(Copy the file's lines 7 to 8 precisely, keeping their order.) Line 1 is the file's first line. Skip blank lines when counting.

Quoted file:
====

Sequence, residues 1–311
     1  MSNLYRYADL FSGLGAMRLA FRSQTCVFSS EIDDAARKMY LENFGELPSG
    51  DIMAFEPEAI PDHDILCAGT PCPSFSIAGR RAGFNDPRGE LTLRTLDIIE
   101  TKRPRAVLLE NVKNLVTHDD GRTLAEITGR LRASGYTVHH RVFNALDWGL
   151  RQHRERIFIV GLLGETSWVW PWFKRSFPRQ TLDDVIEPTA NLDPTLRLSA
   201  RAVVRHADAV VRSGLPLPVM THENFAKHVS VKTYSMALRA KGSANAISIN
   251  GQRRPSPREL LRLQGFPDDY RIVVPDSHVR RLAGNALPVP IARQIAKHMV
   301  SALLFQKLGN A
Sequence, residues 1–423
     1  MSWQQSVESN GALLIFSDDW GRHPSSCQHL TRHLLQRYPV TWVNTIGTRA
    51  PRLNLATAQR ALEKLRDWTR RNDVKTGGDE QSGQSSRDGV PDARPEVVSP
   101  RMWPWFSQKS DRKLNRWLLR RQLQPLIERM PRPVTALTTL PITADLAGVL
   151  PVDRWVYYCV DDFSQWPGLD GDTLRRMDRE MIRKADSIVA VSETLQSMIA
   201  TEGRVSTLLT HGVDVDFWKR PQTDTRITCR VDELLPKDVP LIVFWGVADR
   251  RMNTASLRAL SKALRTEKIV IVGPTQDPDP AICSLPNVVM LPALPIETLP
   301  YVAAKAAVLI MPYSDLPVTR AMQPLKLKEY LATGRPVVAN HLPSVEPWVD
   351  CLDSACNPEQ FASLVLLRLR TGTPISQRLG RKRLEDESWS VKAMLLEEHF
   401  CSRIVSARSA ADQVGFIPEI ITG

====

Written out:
   251  GQRRPSPREL LRLQGFPDDY RIVVPDSHVR RLAGNALPVP IARQIAKHMV
   301  SALLFQKLGN A